Living in a trailer, I realized how content I am living in small spaces. It’s cozy to be in a nook, taking up a small amount of space with a wild, empty expanse around you. Now that our fieldwork camping is at an end, we are driving from our field office daily to our work sites, often to collect data on wetland vegetation, attributes and map it on GIS. But now we are also downloading the thermograph data, which consists of using a GPS to find the thermograph apparatus, which is staked down in a stream pool collecting water temperature data and importing the data onto a field computer before re-launching the thermograph again to gather data for another year.

These thermograph streams are often in remote canyons, so we’ve been lucky to see a lot of cool landscapes, plants and rock formations. I love sitting back against an aspen and thinking about when the last human was last there.


Of course, in terms of some of the thermograph sites, someone visits them annually, but they probably don’t stop at the places we would stop or go further beyond the thermograph sites.  But leaning against this exact tree? Perhaps I am the first.

Working on wetland inventories takes us to more lush regions with access to water, so the vegetation tends to include riparian sedges and rushes.

Sometimes we’ll see birds, and we always are on the lookout for wildlife. I think we’ll also start Lepa monitoring (rare peppergrass species) pretty soon!

‘Till next time!

Maria Paula

Jarbidge Field Office

Twin Falls, Idaho


Fond memories and new beginnings

Hey everyone,

Well, a lot has happened since my last post! There’s been fieldwork and new sites, weekend adventures and the Chicago workshop, where I met fellow interns and participated in seminars.

I’d never been to the Midwest, so the workshop week was full of fun experiences for me. One of the first things I noticed was that northern Illinois reminds me a lot of the northeast, with its lush, green forests full of trees and plants familiar to me.


The same trees I climbed as a child, the same forests I built forts in, ran through trying to spot wildlife and pretend I was an explorer roughing it through the wilderness and living in nature alone.That was really neat, like a quick taste of home. The gardens in the Chicago Botanic Garden were beautiful, with a place for everyone to enjoy. In between activities and seminars, I liked walking around and getting lost, taking way too many photos and geeking out on the plants. Watching other visitors, there were people of all ages—elderly couples, children, younger people, it seemed like they all found a place in here. Whether it was sitting by a bubbling fountain, walking through the dwarf shrub gardens or my personal favorite, the vegetable gardens and English wall gardens, everyone had that look of contented enjoyment. Perhaps I am projecting myself a tiny bit, but I distinctly remember walking by a pair of older women chatting animatedly on a bench, purses abandoned and gesticulating wildly. IMG_6754They caught my attention because they reminded me of the elderly ladies in Argentina during the afternoon siesta, exchanging gossip from across their verandas or out on the plaza. Giggling like schoolgirls, their banter can always be heard over the silence of sleepy afternoon as they happily share information and camaraderie. I also noticed people walked slower in gardens, like all the needs to rush about and make it to one place or another did not matter within the confines of the sculpted hedges and rose bushes. I liked that. Sometimes I wish people were more like that outside in the real world, journey-lovers versus destination seekers. It’s something I think all of us forget from time to time and I try to incorporate in my own life. Stop and smell those flowers! 🙂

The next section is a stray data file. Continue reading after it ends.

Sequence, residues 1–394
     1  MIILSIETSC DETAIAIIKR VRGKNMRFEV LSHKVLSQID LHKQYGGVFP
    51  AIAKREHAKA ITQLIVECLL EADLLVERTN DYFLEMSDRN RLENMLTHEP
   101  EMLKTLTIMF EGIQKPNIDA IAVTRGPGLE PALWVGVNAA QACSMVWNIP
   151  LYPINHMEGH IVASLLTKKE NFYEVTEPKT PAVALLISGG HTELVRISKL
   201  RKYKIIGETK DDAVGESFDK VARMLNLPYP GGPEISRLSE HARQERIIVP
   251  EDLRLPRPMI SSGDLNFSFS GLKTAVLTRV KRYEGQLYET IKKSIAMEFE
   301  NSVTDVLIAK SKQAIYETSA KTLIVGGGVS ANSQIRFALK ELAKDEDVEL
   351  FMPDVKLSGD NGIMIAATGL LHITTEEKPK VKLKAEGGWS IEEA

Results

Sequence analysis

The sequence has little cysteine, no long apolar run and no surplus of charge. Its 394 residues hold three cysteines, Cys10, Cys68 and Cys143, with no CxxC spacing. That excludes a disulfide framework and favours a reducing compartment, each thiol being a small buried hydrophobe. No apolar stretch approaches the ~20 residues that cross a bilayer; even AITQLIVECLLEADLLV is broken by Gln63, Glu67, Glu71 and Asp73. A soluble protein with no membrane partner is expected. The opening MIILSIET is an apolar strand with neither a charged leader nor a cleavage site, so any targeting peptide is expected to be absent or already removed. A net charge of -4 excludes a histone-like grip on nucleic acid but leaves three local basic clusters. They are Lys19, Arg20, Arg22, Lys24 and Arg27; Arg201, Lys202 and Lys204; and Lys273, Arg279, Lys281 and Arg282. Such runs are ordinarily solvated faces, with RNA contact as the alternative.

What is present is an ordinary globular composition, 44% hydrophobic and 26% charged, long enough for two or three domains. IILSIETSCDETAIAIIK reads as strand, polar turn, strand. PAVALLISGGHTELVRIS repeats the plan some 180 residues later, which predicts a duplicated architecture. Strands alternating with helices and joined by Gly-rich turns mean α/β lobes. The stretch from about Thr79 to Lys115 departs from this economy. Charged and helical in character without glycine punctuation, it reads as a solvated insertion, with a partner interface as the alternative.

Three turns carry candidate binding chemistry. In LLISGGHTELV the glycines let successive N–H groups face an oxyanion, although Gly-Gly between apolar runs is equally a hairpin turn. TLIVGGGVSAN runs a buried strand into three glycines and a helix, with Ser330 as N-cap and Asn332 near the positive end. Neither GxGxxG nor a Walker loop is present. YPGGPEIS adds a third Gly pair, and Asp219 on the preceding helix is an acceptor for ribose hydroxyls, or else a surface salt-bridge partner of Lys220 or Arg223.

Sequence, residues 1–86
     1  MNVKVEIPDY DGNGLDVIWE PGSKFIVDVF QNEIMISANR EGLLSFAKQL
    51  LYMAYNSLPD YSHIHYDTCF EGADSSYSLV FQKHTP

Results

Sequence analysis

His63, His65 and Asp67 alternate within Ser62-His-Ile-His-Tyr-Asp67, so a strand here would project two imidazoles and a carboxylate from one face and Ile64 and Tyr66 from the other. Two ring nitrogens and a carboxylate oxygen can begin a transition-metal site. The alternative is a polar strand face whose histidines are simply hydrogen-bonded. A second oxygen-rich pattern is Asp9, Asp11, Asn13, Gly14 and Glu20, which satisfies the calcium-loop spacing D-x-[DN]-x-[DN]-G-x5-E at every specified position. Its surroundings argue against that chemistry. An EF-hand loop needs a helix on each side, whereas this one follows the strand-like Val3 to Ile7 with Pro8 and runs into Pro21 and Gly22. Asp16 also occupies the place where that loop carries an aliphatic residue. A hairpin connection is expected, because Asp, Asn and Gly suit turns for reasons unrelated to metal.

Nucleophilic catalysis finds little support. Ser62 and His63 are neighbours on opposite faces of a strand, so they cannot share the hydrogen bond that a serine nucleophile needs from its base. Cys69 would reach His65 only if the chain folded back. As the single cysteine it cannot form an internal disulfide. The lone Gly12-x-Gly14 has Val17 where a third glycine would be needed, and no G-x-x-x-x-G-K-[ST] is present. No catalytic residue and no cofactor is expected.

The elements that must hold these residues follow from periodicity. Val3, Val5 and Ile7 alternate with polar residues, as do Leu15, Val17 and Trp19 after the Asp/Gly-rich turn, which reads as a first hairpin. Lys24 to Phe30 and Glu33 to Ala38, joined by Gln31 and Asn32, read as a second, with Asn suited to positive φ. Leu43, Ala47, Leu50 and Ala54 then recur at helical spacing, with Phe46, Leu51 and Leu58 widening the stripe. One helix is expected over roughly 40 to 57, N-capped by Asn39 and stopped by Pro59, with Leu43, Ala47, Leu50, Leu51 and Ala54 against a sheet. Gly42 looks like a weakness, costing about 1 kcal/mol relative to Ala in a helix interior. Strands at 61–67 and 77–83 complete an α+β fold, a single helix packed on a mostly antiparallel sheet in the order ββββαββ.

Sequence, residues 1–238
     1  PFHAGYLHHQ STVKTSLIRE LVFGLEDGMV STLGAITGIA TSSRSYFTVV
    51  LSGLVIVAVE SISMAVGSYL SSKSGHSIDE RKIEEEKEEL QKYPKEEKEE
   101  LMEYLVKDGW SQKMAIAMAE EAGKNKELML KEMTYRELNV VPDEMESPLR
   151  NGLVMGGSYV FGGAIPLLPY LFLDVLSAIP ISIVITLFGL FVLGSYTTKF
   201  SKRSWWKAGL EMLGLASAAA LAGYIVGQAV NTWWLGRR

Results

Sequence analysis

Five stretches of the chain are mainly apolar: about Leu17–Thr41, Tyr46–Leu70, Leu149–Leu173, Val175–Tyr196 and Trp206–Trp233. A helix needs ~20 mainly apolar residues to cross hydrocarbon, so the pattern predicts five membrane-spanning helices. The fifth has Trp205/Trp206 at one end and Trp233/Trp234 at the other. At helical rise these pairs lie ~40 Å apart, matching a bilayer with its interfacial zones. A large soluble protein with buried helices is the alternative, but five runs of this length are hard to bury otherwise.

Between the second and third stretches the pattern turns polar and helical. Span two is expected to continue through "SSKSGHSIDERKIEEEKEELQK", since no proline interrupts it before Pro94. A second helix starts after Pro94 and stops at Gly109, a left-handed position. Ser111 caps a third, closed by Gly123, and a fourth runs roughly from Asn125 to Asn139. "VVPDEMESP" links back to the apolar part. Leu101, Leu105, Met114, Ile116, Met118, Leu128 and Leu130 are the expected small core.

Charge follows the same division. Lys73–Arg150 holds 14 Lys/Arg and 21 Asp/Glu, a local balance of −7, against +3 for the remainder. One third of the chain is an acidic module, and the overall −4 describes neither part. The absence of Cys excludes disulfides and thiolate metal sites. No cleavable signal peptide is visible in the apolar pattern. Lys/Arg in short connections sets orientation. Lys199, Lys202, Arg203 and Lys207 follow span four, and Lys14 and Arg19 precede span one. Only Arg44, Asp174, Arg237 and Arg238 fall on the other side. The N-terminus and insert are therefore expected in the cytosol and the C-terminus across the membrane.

Anyway, besides the garden, I liked meeting my peers, hearing about their work and attending the lectures. My favorites were definitely the population genetics lecture, a topic I find fascinating, especially in plant ecology, and Dean Tonenna’s talk on Numa culture and history. I love learning about new cultures and the artifacts he brought were beautiful. So unique to a people and each basket or jug had a story.IMG_6738

It was interesting how some interns had been at their offices as long as I had, while others had just started a week ago. I tried putting myself in their shoes, remembering what it was to have finished my first week and thought about what I’d like to accomplish now that I’m about two months in. I certainly want to explore Idaho a bit more and learn more of the alpine forbs that we may encounter soon. I also realized that I am not as quick to identify trees in the northwest as I would like (mostly because we don’t encounter them regularly), so I checked out a guide book, which I think will be handy to learn from in case we come across more trees. Haha, and also simply because I like trees.

But going back to enjoying the journey and maintaining enthusiasm for simple pleasures, before going to Chicago, my crew and I bade farewell to our Diamond A campsite. I was surprised at the little tinge of sadness I felt as I saw our Cottonwood campsite shrink in the rearview mirror.  The Diamond A was a rugged allotment, that’s for sure. We had cold, rainy days when the thunderclouds seemed to roll out of nowhere and biting winds that made you want to just snuggle deeper into your sleeping bag.  There were muddy roads and long drives to get out into our sites. But the snowcapped mountains, the new forbs and thrill of being out there in the wilderness were beyond all of that. daI loved the warm glow of the sun on my cheek when it managed to break through the grey sky and seep down through the ridges of the rocky canyons. The colors on the cliff rocks and the lighting as the sun lowered in the horizon…indescribable.